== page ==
Muslim Life in Copenhagen

Is Copenhagen’s “diverse and inclusive” city supportive of a large community?

Jasmijn Brasser

At the end of July this year, there were Quran burnings happening in Copenhagen. A lot of people witnessed them, including Leyla Bouazzi, a vibrant 22-year-old Muslim woman who was born and raised in Copenhagen. What is it like being a Muslim in Copenhagen, especially after the recent Quran burnings?

Inclusive living era

While entering a tiny Kebab place called “Divan”, Leyla shares “My dad is from Palestine and my mum from Tunisia. My dad came here when he was thirty years old and met my mum here. The religion we grew up with was Islam, so that makes us Muslims.” The last thing she says with a smile. After five minutes, our food arrives. She continues her story and explains how her small community was stereotyped to be dangerous.

“The neighborhood we live in used to be called the ghetto, because of the many ethnicities who live there. But a while ago they renovated Tingbjerg and even Danes are living here now. Over time it became a more inclusive place.”

The black square in Copenhagen. Credits: Jasmijn Brasser

Quran burning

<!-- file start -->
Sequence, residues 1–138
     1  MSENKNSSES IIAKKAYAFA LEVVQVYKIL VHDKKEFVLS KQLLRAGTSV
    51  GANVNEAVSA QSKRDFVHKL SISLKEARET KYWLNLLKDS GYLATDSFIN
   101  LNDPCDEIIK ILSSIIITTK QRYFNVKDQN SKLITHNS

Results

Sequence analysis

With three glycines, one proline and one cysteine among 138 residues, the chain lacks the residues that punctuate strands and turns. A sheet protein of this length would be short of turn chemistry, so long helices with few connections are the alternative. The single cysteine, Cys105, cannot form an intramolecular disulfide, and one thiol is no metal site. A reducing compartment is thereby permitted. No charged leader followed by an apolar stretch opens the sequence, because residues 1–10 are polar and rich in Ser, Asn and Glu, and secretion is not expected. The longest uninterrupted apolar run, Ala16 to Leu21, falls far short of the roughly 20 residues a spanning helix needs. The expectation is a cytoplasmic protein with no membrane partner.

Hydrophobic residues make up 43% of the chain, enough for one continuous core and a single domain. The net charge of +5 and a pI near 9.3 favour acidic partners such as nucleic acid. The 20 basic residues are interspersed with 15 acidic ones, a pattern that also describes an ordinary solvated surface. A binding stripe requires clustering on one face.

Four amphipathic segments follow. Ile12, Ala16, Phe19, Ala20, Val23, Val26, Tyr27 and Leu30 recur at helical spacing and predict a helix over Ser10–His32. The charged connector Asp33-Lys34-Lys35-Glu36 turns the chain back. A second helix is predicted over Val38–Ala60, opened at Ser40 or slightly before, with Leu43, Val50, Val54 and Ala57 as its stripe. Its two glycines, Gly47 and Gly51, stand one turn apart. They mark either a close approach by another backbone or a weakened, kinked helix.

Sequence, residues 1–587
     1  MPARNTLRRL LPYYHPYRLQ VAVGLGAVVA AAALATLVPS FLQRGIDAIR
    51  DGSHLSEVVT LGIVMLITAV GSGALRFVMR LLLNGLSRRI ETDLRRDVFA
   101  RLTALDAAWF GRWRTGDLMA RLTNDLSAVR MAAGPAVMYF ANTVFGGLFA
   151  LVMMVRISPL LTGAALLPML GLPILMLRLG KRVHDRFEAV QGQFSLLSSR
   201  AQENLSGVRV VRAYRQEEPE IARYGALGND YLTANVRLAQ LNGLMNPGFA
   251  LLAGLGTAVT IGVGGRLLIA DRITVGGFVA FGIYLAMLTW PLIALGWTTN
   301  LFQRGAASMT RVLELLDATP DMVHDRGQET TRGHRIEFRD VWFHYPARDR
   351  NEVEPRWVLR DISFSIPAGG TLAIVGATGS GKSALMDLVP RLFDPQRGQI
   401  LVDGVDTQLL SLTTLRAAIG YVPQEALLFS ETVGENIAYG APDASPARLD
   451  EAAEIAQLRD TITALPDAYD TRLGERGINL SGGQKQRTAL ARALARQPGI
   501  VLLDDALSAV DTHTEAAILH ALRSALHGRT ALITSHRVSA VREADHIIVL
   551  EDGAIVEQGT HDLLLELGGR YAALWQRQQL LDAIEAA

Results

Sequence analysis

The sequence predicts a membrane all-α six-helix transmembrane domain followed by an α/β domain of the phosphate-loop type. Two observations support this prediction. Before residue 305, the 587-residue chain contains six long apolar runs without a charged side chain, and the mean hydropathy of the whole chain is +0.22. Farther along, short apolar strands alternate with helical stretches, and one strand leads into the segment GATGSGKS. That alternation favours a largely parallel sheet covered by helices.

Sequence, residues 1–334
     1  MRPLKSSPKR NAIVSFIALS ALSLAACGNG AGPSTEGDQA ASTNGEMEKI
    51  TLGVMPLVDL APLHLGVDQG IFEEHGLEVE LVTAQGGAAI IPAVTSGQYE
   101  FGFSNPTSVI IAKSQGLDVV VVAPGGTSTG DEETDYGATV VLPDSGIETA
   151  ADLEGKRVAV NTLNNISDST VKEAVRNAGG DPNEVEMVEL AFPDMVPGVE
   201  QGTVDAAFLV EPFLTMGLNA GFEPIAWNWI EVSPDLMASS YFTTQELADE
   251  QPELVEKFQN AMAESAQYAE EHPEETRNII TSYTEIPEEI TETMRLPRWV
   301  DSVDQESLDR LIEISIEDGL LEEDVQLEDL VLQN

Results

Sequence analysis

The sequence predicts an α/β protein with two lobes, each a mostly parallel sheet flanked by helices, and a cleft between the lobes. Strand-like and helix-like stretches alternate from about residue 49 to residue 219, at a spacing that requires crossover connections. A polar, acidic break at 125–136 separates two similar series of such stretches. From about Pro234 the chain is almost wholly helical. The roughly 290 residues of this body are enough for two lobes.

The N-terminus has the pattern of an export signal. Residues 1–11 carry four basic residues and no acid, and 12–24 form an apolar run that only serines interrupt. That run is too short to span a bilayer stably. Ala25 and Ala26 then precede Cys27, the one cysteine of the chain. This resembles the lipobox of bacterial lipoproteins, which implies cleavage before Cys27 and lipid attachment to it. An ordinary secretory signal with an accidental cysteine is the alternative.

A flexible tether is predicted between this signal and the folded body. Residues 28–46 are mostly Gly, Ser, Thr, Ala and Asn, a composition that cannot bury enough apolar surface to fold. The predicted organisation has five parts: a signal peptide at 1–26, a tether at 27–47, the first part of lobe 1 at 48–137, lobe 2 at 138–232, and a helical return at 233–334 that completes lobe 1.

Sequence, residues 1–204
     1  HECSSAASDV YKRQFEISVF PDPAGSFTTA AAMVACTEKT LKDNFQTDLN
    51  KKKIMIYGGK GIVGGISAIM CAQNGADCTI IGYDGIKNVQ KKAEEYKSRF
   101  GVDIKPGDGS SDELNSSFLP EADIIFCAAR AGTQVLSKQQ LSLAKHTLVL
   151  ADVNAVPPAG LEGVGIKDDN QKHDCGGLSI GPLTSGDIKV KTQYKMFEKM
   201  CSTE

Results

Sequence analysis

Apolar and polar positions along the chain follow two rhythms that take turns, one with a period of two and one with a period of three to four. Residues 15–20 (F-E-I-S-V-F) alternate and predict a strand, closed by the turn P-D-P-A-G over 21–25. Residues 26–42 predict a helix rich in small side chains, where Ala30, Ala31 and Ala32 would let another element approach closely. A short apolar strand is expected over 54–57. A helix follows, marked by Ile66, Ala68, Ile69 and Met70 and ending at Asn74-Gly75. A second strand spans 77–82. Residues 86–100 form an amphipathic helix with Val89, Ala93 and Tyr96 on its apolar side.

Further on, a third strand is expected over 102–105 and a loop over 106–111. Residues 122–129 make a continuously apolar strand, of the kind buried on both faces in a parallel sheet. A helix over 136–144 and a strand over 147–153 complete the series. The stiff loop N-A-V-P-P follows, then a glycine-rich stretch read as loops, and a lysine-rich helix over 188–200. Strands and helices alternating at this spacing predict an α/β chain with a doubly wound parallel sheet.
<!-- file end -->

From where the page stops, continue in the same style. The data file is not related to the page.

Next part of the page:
Bouazzi describes the Quran burning she witnessed. “There was a conference, which I attended. The man was not invited and was outside. He was yelling and trying to burn the Quran. I went straight back home and that was also the last time I was there. Of course, you are mad or you want to say something but it is not safe. The police would take you instead of him,” she says angrily.

What makes the Muslims so angry about the burning of the Quran besides the obvious disrespect of the religion? “If they burn old and used Qurans, we don’t mind,” Bouazzi explains. We actually laugh about it, because otherwise, the Mosques have to do it themselves. But they’re burning new books. Secondly: it is just disrespectful because of the things they are yelling while burning it.”

Mosque from the outside. Credits: Alice Kazakov

Future of Muslims in Denmark

The Parliament is proposing a law against the burning of religious books. Bouazzi does not think it will work. “It is like telling a kid to not eat the candy, the kid will still eat the candy.” About the future of Muslims in Copenhagen she says she does not know where it is headed to. “We have to stop being negative towards each other.”

This article is intended for an audience everywhere in the world.

Muslims praying in the Mosque. Credits: Alice Kazakov